Palace to the people

Yesterday our St. Petersburg guide told us many stories about Russian history and politics as we toured the city and the Hermitage. Unlike our guide in Moscow who ended such stories with the rhetoric flourish, “so that is a story, so who knows,” she let them stand. Like facts. Yet numerous times throughout the day several of us would look at one another with a knowing glance (“knowing glance” here stands in… Read More

The Ballet of the Umbrellas and the Dance of the Red Scarf in St. Petersburg

Rain in Saint Petersburg teaches you the art of the nimble umbrella on a crowded street on the way to the great Hermitage. Each city seems to have its own special way of walking its streets. Do you go high, go sideways , go low with your own umbrella as a stream of umbrellas comes toward you like a regiment of Peter the Great’s cavalry…at this marshy place where he said “Build… Read More

Wish Fulfillment

Two days ago, I sat in the spot where, it can be claimed with some justification, modern theatre was born: the main auditorium of the Moscow Art Theatre. It was here that Stanislavsky’s “System” of actor development was put into effect (the beginning of so-called “Method Acting” and the foundation of all modern Western acting of the 20th and 21st centuries). It was here that Anton Chekhov’s “The Cherry Orchard” received its… Read More

Red squared

On our tour of the Museum of Contemporary Russia (see Kristi’s post), we saw footage of a parade though Red Square at the end of WWII. The battalions of soldiers marched in perfect square formations in a grand parade lasting nine hours. Passing in front of Stalin’s podium, the military representatives tossed German medals at his feet, marking their victory in a formal, rainy, epic performance of power. What a different space… Read More

For real?!

Did you read that first sentence in my last post?!? It began with the phrase, “as we were leaving the Moscow Art Theatre.” Leaving the Moscow Art Theatre?! That means we were inside the Moscow Art Theatre!!! Ok, Ok, I know that may not mean much to those unfamiliar with the theatre’s history (and this post won’t offer that), but I am hoping perhaps some students may read this and fully understand… Read More

Russian Curry

On our last day in Moscow I decided to take folks to the enormous souvenir market at Izmailovskii park.  As we walked by row after row of apparently matryoshka dolls, Shelley stopped and pointed at one guy whose nesting dolls featured American sports teams.  After laughing about how funny it would be if they had Golden State Warriors, we suddenly realized that they DID.  Then we joked about how funny it would… Read More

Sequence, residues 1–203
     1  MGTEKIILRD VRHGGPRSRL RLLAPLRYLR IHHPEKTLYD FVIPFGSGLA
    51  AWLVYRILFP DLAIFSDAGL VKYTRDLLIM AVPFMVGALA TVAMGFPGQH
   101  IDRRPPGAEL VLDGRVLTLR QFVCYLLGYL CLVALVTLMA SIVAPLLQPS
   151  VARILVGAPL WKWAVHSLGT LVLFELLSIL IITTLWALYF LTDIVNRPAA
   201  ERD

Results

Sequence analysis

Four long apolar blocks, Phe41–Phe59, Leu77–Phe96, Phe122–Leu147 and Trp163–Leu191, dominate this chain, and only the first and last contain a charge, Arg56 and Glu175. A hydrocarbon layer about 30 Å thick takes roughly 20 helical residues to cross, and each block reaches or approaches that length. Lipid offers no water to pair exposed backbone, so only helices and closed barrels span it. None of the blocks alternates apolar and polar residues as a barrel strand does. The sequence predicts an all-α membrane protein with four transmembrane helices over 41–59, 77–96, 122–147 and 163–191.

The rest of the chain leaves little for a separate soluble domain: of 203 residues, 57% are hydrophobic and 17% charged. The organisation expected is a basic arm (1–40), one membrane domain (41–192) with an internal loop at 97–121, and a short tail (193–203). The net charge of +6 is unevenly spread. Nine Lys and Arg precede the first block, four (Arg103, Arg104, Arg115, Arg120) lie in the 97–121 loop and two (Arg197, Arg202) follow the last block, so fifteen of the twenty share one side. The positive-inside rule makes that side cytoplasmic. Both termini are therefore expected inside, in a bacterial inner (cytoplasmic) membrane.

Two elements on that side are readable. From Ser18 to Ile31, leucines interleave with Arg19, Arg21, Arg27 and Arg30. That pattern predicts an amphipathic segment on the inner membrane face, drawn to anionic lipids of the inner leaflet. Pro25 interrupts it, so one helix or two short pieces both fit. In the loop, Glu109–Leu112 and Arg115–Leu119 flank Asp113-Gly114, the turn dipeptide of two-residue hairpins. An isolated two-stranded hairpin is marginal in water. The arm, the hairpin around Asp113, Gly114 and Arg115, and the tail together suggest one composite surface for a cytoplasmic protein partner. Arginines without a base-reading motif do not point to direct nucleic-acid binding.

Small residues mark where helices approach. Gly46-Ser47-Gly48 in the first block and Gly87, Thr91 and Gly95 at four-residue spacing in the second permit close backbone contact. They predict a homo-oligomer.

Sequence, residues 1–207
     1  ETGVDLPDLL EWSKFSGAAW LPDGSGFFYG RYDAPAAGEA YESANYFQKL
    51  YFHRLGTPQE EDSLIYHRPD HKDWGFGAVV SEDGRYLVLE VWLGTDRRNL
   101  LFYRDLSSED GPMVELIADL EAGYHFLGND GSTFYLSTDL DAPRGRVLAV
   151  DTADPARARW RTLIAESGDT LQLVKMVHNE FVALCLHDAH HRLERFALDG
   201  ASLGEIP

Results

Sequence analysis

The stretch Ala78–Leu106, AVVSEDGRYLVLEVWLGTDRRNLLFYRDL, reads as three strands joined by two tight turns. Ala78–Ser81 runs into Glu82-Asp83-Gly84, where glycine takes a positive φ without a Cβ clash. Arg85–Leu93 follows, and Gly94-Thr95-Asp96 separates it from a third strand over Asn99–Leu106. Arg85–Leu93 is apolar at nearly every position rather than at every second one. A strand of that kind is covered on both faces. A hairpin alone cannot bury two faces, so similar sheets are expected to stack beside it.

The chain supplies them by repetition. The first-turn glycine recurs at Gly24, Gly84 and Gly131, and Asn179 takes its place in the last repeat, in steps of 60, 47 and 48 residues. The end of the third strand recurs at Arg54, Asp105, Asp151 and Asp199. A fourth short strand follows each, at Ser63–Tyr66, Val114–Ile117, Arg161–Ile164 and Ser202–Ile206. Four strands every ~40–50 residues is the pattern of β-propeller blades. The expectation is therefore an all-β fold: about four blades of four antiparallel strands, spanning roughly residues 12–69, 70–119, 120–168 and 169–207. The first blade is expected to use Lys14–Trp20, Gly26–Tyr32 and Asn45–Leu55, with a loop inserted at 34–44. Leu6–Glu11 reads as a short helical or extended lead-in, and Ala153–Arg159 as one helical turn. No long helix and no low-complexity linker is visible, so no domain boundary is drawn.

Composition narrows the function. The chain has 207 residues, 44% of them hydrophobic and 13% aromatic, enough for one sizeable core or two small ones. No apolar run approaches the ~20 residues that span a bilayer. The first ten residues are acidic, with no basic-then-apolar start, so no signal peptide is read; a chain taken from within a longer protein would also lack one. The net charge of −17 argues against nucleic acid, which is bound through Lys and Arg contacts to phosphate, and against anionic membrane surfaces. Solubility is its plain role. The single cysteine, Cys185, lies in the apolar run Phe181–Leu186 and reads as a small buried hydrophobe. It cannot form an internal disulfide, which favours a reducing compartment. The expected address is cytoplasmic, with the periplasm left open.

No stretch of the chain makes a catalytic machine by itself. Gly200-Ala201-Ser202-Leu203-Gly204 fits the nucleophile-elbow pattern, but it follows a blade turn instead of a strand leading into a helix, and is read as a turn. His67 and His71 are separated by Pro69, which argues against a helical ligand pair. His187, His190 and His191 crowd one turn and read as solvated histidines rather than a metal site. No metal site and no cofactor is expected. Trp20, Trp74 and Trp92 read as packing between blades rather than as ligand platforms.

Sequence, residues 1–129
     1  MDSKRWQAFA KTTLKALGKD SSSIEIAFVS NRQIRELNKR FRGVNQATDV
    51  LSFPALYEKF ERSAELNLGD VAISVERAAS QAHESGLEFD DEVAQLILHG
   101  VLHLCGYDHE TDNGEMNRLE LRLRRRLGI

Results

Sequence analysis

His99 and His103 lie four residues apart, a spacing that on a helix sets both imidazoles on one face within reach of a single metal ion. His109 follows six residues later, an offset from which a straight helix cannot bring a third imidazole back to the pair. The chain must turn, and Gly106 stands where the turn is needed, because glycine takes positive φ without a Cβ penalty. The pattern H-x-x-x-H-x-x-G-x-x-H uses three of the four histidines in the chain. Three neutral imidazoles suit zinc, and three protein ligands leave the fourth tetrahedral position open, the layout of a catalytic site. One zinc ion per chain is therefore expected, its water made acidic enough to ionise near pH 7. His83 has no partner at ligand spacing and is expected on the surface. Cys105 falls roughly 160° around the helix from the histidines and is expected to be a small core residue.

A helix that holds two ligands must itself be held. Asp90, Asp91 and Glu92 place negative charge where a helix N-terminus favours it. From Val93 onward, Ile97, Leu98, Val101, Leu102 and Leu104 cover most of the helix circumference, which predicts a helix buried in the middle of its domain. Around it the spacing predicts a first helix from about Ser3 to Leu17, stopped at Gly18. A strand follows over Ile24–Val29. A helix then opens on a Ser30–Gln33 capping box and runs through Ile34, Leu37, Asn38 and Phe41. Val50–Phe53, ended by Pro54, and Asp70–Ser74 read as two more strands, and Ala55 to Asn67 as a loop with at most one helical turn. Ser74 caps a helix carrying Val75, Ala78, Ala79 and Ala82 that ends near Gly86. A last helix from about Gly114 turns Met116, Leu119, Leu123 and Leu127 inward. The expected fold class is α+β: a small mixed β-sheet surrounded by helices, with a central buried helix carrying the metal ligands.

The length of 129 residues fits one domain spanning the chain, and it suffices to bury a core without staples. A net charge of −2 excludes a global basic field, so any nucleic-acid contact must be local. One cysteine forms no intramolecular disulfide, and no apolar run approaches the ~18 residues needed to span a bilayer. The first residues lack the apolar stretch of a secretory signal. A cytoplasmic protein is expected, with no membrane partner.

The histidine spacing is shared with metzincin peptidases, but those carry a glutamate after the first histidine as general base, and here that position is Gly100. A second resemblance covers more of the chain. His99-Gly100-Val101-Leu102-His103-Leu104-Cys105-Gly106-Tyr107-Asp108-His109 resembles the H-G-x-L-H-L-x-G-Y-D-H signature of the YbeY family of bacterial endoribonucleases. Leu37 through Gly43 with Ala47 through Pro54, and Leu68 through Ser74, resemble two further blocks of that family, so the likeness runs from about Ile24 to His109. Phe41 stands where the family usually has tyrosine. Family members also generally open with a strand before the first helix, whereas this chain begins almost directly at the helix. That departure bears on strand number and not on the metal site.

A Dash of Russia

Years ago our dear friends Kelly and Masoud hosted one of their wonderful dinner parties. My husband, Mark, complimented the taste of lemon in a particular dish. In her characteristic good-natured verbal sparring, Kelly told Mark that he was hallucinating the lemon taste and headed back to the kitchen for more delicious food. Moments later she returned to say something like, “oh my gosh, I put a dash of lemon pepper in… Read More

My obsession with Bulgakov

Yesterday as we left the Moscow Art Theatre, Shelley asked if our view of the importance of art (dance, literature, theatre) in Russian culture was skewed by the constituency of our group. After all, our schedule included several theatre productions, a ballet, visit to a theatre and several literary sites. Her question coincidentally summarized why I have always been drawn to Russian theatre – it seems that national identity, belonging and struggles… Read More

Bulgakov’s Cowardice

There are  lots of sad stories in Russia, but few sadder, to my mind, than the story of Bulgakov, the modernist writer who was both banned and protected by Stalin and is enjoying a huge renaissance today. Bulgakov sounds like a real rascal — a brilliant writer who was not afraid to tweak the leadership. Stalin loved his work — he saw one of Bulgakov’s plays 16 times, and he always enquired… Read More

Not all authoritarianism is Stalinism

In the US we enjoy drawing parallels between different political eras. We love to find echoes of the past in the present, so commentators often compare President Vladimir Putin to past Russian leaders, both Soviet and pre-Soviet.  But after visiting the Museum of Russian Political History (formerly the Museum of Revolution) I find such parallels facile and unhelpful. The Soviet Communist Party was not just another in a long line of authoritarian regimes…. Read More